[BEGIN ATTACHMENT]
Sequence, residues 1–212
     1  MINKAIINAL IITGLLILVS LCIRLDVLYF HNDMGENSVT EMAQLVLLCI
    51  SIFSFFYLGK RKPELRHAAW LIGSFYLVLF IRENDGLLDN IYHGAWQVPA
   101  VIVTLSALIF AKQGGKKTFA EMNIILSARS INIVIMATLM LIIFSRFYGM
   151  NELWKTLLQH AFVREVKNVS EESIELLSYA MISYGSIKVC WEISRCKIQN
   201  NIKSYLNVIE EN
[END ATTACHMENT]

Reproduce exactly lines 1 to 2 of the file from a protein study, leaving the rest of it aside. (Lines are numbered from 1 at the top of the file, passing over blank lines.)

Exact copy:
Sequence, residues 1–212
     1  MINKAIINAL IITGLLILVS LCIRLDVLYF HNDMGENSVT EMAQLVLLCI